Principles of Confidentiality
A patient's right to confidentiality has been an integral part of healthcare ethics for centuries and is highlighted in the Hippocratic Oath.

General Medical Council (UK)1:
  • Good Medical Practice (2006): "patients have a right to expect that information about them will be held in confidence by their doctors."

Useful Definitions:

Confidentiality is 'the protection of a patient's personal information or personal informed decision from unauthorised parties'. This includes a patient's name and address, not just medical information.

  • These notes will aim to take the reader through:
  • Confidentiality as a duty of care to patients
  • The Consequences of breaches in confidentiality
  • The scenarios where confidentiality is most commonly breached.
  • When should confidentiality be breached?
  • The legal and ethical aspects of the use, transmission, and storage of electronic data. (Data Protection Act 1998)
Confidentiality as a Duty of Care to Patients
Until 2000, there was no statutory duty of confidentiality in the UK - it was only an implied form of contract between the doctor and the patient. Confidentiality enables the patient to place trust in the doctor-patient relationship. This is essential for the patient to feel they are able to disclose sometimes embarrassing symptoms and undergo physical examinations.

The statutory obligation for confidentiality:

  • Article 8 of the Human Rights Act 1998:
    States "Everyone has the right to respect for his private and family life, his home and his correspondence"
  • NHS (Venereal disease) Regulations 1974:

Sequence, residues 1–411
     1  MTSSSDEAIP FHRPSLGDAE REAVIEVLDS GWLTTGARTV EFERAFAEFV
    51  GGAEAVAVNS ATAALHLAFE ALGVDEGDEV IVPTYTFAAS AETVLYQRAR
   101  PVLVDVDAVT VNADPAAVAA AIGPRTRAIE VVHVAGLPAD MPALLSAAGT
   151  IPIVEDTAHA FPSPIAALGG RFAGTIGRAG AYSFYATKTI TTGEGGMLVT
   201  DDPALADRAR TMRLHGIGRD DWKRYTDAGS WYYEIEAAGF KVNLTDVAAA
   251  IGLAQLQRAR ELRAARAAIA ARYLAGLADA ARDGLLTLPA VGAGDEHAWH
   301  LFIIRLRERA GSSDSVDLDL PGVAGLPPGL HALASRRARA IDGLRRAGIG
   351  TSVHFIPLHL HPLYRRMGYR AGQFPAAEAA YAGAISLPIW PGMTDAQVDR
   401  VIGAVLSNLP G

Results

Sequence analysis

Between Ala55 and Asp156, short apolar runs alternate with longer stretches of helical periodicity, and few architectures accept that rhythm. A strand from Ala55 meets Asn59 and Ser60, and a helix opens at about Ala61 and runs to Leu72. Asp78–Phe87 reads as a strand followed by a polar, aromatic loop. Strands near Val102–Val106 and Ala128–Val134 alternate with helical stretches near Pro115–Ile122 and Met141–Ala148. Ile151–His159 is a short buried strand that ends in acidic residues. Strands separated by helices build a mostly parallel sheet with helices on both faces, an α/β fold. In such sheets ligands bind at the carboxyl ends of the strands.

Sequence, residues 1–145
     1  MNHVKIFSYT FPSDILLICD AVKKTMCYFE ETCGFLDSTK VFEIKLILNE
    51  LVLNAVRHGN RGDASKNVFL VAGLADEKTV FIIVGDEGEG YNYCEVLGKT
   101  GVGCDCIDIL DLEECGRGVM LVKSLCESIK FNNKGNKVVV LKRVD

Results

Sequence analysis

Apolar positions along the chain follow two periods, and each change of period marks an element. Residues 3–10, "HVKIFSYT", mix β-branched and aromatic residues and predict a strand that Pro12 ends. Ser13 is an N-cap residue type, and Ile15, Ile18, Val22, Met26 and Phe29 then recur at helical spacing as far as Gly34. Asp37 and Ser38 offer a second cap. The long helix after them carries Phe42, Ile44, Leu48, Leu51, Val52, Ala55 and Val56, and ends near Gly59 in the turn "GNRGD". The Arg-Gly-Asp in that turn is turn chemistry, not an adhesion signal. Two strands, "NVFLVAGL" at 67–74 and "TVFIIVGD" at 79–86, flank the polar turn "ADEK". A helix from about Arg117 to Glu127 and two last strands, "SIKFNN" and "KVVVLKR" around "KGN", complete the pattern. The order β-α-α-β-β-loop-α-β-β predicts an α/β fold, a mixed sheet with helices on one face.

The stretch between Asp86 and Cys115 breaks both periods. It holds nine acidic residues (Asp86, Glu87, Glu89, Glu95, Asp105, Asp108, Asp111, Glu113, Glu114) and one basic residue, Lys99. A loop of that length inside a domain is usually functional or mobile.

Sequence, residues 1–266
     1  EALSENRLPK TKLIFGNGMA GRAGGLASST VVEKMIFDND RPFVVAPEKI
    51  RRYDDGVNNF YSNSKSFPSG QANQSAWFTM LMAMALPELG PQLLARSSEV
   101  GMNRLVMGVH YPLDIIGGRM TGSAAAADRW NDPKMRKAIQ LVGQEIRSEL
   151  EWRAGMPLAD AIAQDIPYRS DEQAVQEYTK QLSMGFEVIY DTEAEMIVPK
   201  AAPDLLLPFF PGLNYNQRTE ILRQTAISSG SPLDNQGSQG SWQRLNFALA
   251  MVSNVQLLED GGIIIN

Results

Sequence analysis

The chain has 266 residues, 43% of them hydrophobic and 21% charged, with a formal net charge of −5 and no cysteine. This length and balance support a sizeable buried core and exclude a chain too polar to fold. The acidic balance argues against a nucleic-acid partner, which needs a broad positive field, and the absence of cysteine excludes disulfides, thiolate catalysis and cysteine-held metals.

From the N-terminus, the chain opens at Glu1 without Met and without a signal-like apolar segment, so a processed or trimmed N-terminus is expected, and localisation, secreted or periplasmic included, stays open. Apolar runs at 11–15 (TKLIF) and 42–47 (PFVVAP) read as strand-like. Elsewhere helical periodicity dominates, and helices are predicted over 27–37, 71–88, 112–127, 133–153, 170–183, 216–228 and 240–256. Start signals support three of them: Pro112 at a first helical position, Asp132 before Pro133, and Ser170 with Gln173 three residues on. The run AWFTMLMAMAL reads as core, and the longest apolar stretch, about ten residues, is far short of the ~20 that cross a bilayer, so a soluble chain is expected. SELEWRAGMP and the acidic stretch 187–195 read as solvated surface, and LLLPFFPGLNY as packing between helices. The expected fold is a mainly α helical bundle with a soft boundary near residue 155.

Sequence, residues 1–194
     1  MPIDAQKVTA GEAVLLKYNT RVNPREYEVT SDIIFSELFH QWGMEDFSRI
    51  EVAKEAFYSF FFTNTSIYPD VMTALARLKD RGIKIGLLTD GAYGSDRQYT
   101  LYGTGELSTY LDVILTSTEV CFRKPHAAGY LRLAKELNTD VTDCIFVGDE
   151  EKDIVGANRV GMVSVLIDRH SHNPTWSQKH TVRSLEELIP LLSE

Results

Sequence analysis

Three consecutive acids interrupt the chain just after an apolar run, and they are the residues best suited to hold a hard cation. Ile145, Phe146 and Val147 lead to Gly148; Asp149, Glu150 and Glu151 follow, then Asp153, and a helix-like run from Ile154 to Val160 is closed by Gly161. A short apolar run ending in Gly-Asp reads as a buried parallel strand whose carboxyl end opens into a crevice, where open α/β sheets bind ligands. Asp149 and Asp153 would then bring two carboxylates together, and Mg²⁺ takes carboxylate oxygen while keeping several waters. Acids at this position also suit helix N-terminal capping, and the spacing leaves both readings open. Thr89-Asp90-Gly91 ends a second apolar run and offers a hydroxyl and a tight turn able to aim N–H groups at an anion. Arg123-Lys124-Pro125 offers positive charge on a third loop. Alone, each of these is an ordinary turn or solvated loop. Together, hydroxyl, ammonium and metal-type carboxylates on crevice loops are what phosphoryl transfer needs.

States that GUM clinics can only release confidential information to the patient's GP only with explicit consent from the patient (it cannot be implied)
  • Human Fertilisation and Embryology Act 1990 (1992 amendment):
    States that fertility clinics also require explicit consent before allowing disclosure of information to the patient's GP.
  • Abortion Act 1991:
    Abortions must be notified to the Chief Medical Officer
  • Misuse of Drugs Act (1971):
    Known or suspected drug addicts must be notified to the Home Office
  • Public Health (Infectious Diseases) Regulations 1988:
    Certain infectious diseases must be notified to the local authorities (i.e. TB)
  • Prevention of Terrorism Act 2000:
    Any person with information that might prevent an act of terrorism must report it to the police

Minors may wish to conceal their medical history from their parents (i.e. contraception), and if they are Gillick competent then they have a right to confidentiality. The doctor does however have an obligation to try and persuade the minor to inform his parents.

Spouses have no right of information and this includes abortions. The doctor cannot notify the police in cases of martial violence unless they have specific consent from the patient.

Medical Students
From the moment medical students start their clinical training they have access to confidential information. They are expected to have the same standards of confidentiality as qualified doctors.